Millard Fillmore’s forgotten role in the slavery debate

Most of us don’t know all that much about Millard Fillmore beyond the fact that he was President of the United States.

I came across this post on his birthday, January 7.

Like William H. Seward, Fillmore “was a protégé of the state Whig party leader, Thurlow Weed.” He was Zachary Taylor’s vice president in 1849. “At the time, Congress was involved in a heated debate about the future of slavery in newly acquired territories and states, and it was Fillmore who presided over the debates in the Senate. President Taylor defied expectations and didn’t endorse the expansion of slavery. Taylor specifically wanted California admitted as a free state.” Taylor died the following year, without a compromise in the argument, and Fillmore took office as President of the United States.

“Fillmore worked with a rising Senator, Stephen Douglas, from the rival Democratic Party on a package of laws that admitted California as a free state, but granted some important concessions to pro-slavery forces. Fillmore was conflicted over parts of the Compromise, especially because his personal experiences. But as he told Daniel Webster in a letter, he felt it was his constitutional duty to enforce the law. ‘God knows I detest slavery, but it is an existing evil, for which we are not responsible, and we must endure it and give it such protection as is guaranteed by the constitution, till we get rid of it without destroying the last hope of free government in the world,’ Fillmore said. The result was that Fillmore had greatly upset members of the Democrats and the Whigs with the Compromise. The passage of the Fugitive Slave Act angered Northerners, who saw that President Fillmore would act to compel federal marshals to track down slaves to had escaped to the north. Fillmore also sent government troops to the South to act against rumors of a secession by South Carolina. Pro-slavery forces were also unhappy that slavery had been barred in California. The Compromise of 1850 also dealt a fatal blow to the Whig Party, which had divided into an anti-slavery northern section and a pro-slavery southern section. At the 1852 Whig convention, Fillmore couldn’t gain support for the presidential nomination he sought at the last moment; General Winfield Scott became a candidate who stood little chance against the Democratic Party.”

So Millard Fillmore played a key role in the Compromise of 1850, acted against secession, and staved off civil war for another decade.

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9 comments

  1. Mark Mitchell · · Reply

    I think you meant the “1852” Whig Convention not the “1952” Whig Convention. I guess when Fillmore couldn’t get support Ike got nominated . . .

    1. Thanks. I made the change. The error was in the original blog post from which I copied and pasted, and I didn’t notice the error.

  2. Pat Young · · Reply

    My Alma was founded by Millard Fillmore. There was an annual ceremony honoring him which no one attended. He was mostly remembered as a Know Nothing bigot who hated the types of folks who filled the University of Buffalo.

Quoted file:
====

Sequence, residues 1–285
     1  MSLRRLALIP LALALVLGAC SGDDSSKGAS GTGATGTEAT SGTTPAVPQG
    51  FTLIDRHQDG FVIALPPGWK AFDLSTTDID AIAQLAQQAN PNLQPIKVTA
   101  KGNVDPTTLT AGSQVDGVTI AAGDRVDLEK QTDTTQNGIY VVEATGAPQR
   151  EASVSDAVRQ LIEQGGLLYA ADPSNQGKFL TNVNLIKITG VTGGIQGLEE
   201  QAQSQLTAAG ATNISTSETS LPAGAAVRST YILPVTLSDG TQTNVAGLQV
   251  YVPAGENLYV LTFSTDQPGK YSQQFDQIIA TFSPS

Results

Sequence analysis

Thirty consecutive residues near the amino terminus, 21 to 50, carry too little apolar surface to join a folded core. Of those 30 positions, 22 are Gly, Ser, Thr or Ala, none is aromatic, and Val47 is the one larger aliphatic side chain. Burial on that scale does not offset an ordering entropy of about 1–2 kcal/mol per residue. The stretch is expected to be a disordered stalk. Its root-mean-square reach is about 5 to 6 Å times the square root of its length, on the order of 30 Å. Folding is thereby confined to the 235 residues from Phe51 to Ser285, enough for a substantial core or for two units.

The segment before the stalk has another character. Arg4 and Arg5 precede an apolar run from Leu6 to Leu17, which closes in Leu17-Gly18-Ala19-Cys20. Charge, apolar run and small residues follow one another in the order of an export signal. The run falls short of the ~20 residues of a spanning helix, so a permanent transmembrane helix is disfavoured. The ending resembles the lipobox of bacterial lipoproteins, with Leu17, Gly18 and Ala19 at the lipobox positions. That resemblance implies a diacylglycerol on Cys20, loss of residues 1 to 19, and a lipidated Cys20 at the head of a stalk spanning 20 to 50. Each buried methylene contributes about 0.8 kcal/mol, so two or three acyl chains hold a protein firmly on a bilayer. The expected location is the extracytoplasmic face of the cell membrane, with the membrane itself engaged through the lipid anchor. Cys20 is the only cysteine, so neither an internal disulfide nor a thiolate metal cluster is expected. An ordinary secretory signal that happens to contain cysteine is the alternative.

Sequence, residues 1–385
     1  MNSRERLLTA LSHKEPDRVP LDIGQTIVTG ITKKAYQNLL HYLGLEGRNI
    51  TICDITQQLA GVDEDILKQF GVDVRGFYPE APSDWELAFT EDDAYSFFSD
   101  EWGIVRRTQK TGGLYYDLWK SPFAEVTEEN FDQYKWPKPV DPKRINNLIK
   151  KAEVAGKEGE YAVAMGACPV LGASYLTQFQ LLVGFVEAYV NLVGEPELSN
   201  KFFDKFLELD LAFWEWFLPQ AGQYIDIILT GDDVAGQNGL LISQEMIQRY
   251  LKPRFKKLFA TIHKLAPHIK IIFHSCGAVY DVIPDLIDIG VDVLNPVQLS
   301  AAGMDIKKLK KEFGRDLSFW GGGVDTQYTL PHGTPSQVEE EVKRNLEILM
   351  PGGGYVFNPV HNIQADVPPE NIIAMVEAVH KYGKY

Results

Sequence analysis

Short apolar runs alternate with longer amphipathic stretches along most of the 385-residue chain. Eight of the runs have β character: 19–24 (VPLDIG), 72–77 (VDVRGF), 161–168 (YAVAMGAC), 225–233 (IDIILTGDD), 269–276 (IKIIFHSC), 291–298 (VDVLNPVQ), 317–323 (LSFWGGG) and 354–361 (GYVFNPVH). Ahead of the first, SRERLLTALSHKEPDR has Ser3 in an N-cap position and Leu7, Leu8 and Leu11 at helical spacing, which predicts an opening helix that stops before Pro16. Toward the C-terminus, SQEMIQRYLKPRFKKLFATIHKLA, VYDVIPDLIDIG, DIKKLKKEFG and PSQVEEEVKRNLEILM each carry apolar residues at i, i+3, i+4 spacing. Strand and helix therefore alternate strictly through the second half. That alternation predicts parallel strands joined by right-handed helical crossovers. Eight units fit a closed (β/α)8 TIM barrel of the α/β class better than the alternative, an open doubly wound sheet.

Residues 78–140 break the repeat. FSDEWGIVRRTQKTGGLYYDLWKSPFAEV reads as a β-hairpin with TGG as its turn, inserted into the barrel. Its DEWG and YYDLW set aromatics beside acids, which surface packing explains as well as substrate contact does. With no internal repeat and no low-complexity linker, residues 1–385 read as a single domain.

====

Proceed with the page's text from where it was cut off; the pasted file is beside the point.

After doing some research I learned that he was a hypocrite.

    1. That’s the thing with historical figures. They all have their bad points as well as their good points.

      1. To finish up on the hypocrite designation, Fillmore was the 1856 Know Nothing candidate for president. Right before he accepted the nomination of the anti-Catholic party he had traveled through Europe. While there he sought and obtained an audience with the Pope.

        Also, his daughter had gone to a Catholic school!

        1. Isn’t “hypocrite” a synonym for “politician?” 🙂

  3. Kurt Guelde · · Reply

    On a positive note he was responsible for allowing the Native Americans of the Upper Great Lakes to remain in their historic homeland and not be shipped off to “Indian Territory.”

  4. I find there to be interesting parallels between what Fillmore faced in 1850 and what occurred 10 years later.

    Immediately after becoming President he faced a controversy over the boundary between Texas and New Mexico (which was partially a dispute over the extent of slavery). Fillmore sent troops to New Mexico and made a proclamation to Congress in which he stated that “if the laws of the United States are opposed or obstructed, in any State or Territory, by combinations too powerful to be suppressed by the judicial or civil authorities, it becomes a case in which it is the duty of the President, either to call out the militia or to employ the military and naval force of the United States, or to do both, if in his judgment the exigency of the occasion shall so require, for the purpose of suppressing such combination.” He was prepared to use the same authority Lincoln used a decade later to suppress the Confederacy.

    Later in the year he learned that there might be an attempt to seize US property in South Carolina. He moved additional troops to South Carolina and had Gen Scott go on an “inspection” tour” in the south. When the South Carolina governor demanded an explanation, Fillmore responded that he was the commander-in-chief and could re-position troops within the US where he wanted without having to check with anyone.

    I speculate that the secessionists were more prepared and rushed to act in 1860-61 because of their experience dealing with the President when they were unprepared and half-hearted in 1850.

    1. Excellent information, Ned. Thanks.

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